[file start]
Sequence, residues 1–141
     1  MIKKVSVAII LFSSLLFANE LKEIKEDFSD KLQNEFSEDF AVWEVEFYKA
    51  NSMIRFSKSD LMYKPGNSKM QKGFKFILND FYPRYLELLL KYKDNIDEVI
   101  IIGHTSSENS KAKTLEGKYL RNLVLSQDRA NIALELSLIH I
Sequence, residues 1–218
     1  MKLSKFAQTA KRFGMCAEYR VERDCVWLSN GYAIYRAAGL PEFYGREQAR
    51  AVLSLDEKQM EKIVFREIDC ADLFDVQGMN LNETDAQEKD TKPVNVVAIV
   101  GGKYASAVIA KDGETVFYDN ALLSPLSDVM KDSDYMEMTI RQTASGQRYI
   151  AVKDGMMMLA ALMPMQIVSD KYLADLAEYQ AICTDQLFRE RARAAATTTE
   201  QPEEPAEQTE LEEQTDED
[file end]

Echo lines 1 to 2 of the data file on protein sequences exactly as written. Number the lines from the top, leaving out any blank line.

Sequence, residues 1–141
     1  MIKKVSVAII LFSSLLFANE LKEIKEDFSD KLQNEFSEDF AVWEVEFYKA